Project description:When type II pneumonocytes from adult rats were maintained in a medium that lacked choline, the incorporation of [14C]glycerol into phosphatidylcholine was not greatly diminished during the period that the cells displayed characteristics of type II pneumonocytes. Cells that were maintained in choline-free medium that contained choline oxidase and catalase, however, became depleted of choline and subsequent synthesis of phosphatidylcholine by these cells was responsive to choline in the extracellular medium. Incorporation of [14C]glycerol into phosphatidylcholine by choline-depleted cells was stimulated maximally (approx. 6-fold) by extracellular choline at a concentration (0.05 mM) that also supported the greatest incorporation into phosphatidylglycerol. The incorporation of [14C]glycerol into other glycerophospholipids by choline-depleted cells was not increased by extracellular choline. When cells were incubated in the presence of [3H]cytidine, the choline-dependent stimulation of the synthesis of phosphatidylcholine and phosphatidylglycerol was accompanied by an increased recovery of [3H]CMP. This increased recovery of [3H]CMP reflected an increase in the intracellular amount of CMP from 48 +/- 9 to 76 +/- 16 pmol/10(6) cells. Choline-depleted cells that were exposed to [3H]choline contained [3H]CDP-choline as the principal water-soluble choline derivative. As the extracellular concentration of choline was increase, however, the amount of 3H in phosphocholine greatly exceeded that in all other water-soluble derivatives. Choline-depletion of cells resulted in an increase in the specific activity of CTP:phosphocholine cytidylyltransferase in cell homogenates (from 0.40 +/- 0.15 to 1.31 +/- 0.20 nmol X min-1 X mg of protein-1). These data are indicative that the biosynthesis of phosphatidylcholine is integrated with that of phosphatidylglycerol and are consistent with the proposed involvement of CMP in this integration. The choline-depleted type II pneumonocyte provides a new model for investigating the regulation of CTP:phosphocholine cytidylyltransferase activity.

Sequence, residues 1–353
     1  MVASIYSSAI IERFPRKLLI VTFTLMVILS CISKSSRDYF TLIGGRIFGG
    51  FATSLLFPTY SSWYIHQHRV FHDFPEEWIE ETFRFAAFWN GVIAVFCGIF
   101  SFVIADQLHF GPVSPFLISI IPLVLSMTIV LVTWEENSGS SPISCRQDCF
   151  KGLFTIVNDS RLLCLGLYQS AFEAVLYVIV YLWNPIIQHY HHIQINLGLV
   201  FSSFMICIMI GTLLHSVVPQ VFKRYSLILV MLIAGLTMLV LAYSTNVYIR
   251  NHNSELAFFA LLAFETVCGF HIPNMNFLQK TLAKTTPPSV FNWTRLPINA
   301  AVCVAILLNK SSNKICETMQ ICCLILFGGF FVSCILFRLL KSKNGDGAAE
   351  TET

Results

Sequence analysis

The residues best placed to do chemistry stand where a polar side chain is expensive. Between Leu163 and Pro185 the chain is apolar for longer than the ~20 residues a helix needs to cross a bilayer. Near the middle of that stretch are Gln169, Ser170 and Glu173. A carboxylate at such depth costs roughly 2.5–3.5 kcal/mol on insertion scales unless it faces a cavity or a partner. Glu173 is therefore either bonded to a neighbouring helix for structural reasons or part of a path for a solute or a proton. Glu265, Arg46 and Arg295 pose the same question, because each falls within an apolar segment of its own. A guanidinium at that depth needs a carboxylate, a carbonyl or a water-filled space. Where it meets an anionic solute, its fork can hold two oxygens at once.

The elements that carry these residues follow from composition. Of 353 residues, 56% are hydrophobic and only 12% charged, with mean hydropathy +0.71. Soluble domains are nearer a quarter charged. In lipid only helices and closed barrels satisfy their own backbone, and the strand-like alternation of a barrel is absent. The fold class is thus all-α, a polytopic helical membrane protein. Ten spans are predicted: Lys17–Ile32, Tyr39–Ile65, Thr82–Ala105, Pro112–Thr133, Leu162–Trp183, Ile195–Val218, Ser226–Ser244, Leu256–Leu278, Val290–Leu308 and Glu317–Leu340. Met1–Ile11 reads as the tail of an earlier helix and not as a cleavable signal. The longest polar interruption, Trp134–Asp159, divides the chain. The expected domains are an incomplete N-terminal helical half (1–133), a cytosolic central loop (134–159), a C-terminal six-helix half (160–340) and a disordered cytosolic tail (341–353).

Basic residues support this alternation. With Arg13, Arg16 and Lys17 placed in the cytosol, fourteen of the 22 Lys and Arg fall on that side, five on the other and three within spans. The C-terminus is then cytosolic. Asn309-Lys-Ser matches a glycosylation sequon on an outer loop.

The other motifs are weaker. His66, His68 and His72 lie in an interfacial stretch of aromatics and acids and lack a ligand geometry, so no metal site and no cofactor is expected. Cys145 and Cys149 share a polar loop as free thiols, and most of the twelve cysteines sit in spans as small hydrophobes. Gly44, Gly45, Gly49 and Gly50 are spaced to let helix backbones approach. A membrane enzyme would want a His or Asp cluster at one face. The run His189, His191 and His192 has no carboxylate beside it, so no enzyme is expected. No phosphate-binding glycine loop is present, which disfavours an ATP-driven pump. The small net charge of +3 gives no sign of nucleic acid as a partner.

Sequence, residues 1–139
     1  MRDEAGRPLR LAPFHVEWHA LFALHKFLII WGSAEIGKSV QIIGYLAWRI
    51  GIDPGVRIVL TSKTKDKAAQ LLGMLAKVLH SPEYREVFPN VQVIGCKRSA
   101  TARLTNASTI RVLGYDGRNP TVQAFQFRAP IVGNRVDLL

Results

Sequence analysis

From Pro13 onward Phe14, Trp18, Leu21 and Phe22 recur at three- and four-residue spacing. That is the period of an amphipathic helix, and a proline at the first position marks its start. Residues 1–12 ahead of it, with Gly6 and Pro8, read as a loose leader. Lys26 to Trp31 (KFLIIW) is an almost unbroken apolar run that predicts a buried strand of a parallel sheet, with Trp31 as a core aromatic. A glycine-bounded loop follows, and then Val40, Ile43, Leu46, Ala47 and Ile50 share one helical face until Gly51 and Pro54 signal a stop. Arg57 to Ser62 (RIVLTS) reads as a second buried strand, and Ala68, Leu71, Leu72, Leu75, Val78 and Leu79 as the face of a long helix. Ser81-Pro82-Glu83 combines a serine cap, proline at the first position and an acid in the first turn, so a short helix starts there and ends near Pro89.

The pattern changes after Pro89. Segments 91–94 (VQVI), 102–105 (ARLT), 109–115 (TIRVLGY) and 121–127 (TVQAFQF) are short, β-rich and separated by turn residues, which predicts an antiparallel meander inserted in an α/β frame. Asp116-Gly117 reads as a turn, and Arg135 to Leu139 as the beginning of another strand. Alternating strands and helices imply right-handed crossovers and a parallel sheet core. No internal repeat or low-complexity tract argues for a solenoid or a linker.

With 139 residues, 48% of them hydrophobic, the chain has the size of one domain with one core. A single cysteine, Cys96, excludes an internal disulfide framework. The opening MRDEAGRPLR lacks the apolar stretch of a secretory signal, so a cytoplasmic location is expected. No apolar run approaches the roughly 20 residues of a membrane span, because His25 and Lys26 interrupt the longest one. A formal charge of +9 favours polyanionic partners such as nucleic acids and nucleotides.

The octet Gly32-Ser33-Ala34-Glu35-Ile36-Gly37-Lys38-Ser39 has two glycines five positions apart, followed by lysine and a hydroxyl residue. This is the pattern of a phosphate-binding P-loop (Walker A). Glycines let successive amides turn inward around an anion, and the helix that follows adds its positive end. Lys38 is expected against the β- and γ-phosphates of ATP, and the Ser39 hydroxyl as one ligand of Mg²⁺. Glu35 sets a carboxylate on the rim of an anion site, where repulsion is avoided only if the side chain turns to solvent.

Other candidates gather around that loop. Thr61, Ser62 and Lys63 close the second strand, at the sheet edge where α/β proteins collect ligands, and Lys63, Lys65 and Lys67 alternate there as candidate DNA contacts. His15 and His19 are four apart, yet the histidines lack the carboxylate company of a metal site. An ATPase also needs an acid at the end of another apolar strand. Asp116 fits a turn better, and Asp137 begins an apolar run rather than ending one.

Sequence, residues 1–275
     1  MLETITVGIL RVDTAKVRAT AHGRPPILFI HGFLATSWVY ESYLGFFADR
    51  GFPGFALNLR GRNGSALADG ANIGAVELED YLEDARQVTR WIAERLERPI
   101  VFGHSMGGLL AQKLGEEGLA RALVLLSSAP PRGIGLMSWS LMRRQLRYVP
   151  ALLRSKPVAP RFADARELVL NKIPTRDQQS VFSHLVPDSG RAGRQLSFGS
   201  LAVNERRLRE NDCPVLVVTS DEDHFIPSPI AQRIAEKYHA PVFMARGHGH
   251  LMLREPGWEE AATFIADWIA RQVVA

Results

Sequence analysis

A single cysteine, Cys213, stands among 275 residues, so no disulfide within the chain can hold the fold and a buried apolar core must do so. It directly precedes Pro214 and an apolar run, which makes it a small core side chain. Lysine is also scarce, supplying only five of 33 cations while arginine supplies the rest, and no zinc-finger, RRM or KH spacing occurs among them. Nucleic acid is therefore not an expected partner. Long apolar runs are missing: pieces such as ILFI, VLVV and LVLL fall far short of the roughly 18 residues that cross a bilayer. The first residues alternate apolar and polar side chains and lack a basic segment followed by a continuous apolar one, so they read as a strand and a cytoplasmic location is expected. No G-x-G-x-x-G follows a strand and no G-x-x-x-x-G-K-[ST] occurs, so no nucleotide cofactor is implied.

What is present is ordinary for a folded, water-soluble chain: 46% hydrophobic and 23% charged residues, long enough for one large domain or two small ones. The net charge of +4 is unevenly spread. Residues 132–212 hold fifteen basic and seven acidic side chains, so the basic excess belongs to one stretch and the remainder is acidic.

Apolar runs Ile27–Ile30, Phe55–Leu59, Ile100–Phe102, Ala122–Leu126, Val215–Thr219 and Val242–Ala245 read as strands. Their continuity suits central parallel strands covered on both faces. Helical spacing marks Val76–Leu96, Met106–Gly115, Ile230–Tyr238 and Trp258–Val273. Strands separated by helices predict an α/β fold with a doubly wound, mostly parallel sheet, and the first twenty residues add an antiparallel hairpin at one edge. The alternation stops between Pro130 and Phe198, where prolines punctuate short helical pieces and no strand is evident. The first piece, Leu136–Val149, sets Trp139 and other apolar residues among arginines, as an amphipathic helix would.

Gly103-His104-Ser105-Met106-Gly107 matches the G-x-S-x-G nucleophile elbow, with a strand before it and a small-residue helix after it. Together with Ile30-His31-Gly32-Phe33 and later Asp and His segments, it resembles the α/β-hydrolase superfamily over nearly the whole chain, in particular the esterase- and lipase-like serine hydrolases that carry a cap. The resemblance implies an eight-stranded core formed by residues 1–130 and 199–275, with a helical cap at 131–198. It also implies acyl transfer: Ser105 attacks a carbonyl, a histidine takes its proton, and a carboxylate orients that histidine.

Project description:Treatment of murine adult MLE-12 type-II and fetal-rat type-II cells with fetal-rat-fibroblast-conditioned medium (FFCM) resulted in a 2-fold stimulation of [14C]choline incorporation into phosphatidylcholine. Soluble CTP:phosphocholine cytidylyltransferase (CT) activity was increased approx. 3-fold in FFCM-treated fetal-rat type-II cells but was not changed in MLE-12 cells. Neither choline kinase nor cholinephosphotransferase activities were affected by treatment of MLE-12 cells with FFCM. Long-term labelling of MLE-12 cells with [14C]choline, followed by a 14-18 h chase with FFCM, resulted in a 2.5-fold decrease in [14C]phosphocholine levels relative to controls, suggesting that CT was being activated. In contrast, oleate treatment increased CT activity in the particulate fraction in both cells. Western blots indicate that soluble CT undergoes dephosphorylation in response to FFCM, but no translocation to the particulate fraction was noted. Treatment with oleate stimulated a marked translocation. Tryptic phosphopeptide maps from FFCM-treated cells revealed only minor alterations in the phosphorylation pattern. It is concluded that FFCM and oleate activate CT through different mechanisms. The results are consistent with FFCM activating CT in MLE-12 as well as fetal type-II cells. However, the reason why this activation cannot be detected in vitro is not known.